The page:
I truly believe that ‘bad behaviour’ is born from ignorance rather than from malicious intent and that communication is the answer. It can only be a good thing that our theatres are increasingly attracting non-traditional audiences; we can’t and we mustn’t expect to rely on the white, middle-class, middle-aged demographic to keep our theatres’ lights on – not in this era of funding cuts and stretched budgets.
Theatres need new audiences and they need to work out ways of welcoming them. I was touched – and hugely encouraged – by an encounter that I recently had at a theatre in the Midlands. Having a pre-matinee lunch with my family, I saw two young girls, probably in their 20s, standing uncertainly to one side and looking, frankly, frightened. I waited a few moments and then approached them. As I did so, one said to the other: “We need to go home. I don’t like this place.” As a professional access consultant (and as someone who also had never gone to the theatre as a child – it just wouldn’t have occurred to my parents to see a play) I had to get involved.
It turned out that they had travelled, on two buses, for 90 minutes, to get to the theatre, having done the same distance as a ‘dummy run’ the day before, so that they knew where it was. They were desperate to see the show – a musical starring a singer from The X Factor – and had booked tickets over the phone. One of them then started crying – she didn’t know what to do with her ticket or where to go. The tickets were for seats in the circle, but that meant absolutely nothing to her – “Was that just referring to the shape of the theatre?”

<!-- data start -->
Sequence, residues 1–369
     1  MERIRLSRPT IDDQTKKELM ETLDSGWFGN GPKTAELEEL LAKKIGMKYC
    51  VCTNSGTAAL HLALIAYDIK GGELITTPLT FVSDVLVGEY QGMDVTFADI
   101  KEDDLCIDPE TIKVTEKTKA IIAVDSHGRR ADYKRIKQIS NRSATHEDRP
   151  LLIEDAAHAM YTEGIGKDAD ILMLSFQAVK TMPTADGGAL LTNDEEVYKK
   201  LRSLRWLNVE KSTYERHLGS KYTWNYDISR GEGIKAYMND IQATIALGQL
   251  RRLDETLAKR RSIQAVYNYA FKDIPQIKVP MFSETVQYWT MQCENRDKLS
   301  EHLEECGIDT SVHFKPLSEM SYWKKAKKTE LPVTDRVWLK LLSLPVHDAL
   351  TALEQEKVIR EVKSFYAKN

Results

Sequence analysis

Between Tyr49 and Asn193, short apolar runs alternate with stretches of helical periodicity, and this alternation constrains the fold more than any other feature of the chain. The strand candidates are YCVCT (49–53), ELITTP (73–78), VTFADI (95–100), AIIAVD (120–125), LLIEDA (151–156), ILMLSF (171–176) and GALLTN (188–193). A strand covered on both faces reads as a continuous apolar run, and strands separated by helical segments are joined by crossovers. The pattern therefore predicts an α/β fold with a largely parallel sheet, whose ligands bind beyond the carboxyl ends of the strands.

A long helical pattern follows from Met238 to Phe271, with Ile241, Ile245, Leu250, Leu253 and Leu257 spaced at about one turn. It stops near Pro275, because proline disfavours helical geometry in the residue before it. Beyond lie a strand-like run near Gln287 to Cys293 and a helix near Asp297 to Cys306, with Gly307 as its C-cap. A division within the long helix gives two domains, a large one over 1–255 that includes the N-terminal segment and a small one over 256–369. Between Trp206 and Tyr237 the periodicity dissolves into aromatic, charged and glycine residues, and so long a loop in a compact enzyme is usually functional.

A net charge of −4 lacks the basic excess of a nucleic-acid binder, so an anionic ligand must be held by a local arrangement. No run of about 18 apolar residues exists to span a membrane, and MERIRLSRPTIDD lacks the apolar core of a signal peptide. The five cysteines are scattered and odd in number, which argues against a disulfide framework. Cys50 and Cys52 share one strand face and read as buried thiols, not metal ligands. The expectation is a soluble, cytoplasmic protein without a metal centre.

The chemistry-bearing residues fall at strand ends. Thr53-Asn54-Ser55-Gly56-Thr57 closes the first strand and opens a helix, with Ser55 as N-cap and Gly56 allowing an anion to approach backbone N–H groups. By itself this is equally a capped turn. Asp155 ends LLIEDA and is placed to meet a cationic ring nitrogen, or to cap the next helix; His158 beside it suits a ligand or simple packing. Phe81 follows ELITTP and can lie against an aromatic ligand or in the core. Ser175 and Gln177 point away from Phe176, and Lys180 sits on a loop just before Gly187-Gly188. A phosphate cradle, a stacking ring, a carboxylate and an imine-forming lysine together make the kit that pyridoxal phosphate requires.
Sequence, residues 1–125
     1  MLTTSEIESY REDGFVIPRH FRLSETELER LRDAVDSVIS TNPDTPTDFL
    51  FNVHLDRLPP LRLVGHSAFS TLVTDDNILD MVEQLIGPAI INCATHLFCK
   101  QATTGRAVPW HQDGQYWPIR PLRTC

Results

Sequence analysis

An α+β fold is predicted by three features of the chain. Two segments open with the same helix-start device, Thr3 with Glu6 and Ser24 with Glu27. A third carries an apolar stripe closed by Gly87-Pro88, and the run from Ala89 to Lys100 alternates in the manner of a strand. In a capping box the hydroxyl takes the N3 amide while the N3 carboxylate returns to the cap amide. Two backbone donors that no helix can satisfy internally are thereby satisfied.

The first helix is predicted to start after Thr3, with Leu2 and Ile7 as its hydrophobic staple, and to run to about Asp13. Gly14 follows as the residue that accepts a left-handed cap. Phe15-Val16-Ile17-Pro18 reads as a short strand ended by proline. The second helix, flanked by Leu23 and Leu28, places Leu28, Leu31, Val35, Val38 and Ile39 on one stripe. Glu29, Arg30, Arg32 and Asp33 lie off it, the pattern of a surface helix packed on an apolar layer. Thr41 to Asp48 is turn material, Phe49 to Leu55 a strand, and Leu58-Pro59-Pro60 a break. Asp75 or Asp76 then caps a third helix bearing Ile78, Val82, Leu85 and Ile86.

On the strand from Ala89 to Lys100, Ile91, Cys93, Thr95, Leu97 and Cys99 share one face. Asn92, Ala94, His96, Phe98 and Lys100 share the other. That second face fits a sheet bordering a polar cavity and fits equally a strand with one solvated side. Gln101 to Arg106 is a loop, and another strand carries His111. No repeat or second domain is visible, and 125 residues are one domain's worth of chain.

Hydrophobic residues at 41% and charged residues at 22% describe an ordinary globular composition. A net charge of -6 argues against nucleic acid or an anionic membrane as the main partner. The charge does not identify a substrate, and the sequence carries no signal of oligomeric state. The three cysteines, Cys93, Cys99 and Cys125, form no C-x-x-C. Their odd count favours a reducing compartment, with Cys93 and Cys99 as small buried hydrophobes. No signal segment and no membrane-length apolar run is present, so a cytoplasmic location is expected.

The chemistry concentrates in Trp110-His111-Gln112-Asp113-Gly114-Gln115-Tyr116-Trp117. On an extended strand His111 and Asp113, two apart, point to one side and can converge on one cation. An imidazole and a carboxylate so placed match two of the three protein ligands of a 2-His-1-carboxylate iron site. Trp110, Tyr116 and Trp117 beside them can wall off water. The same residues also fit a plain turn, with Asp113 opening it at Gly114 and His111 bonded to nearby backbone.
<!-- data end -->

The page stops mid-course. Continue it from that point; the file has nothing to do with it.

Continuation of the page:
Obviously, I got them sorted and happy and I imagine that they had a wonderful afternoon. And I really, really hope that they come back, again and again. Maybe next time to another show starring a celebrity but, after that, maybe to a non-celebrity-led show. And these are the sort of people – non-traditional theatregoers, people who absolutely don’t ‘know the rules’, that we need to encourage. Not to scare off by openly disapproving of their ignorance, but explaining. And it needs to be the theatre management themselves who do the explaining. It shouldn’t be left to other audience members to complain or moan – that’s not fair on anyone.
As theatres increasingly work to attract new audiences by using celebrity leads and as, simultaneously, the cuts in arts education budgets mean that the next generation are less likely than ever to go to the theatre via a school trip, we need to appreciate the reasons for the misunderstandings that happen in an audience – and communicate better to minimise them. I am completely confident that this can be done; celebrity castings have brought a new era into our theatres – we just now need to manage it so that everyone has a good time.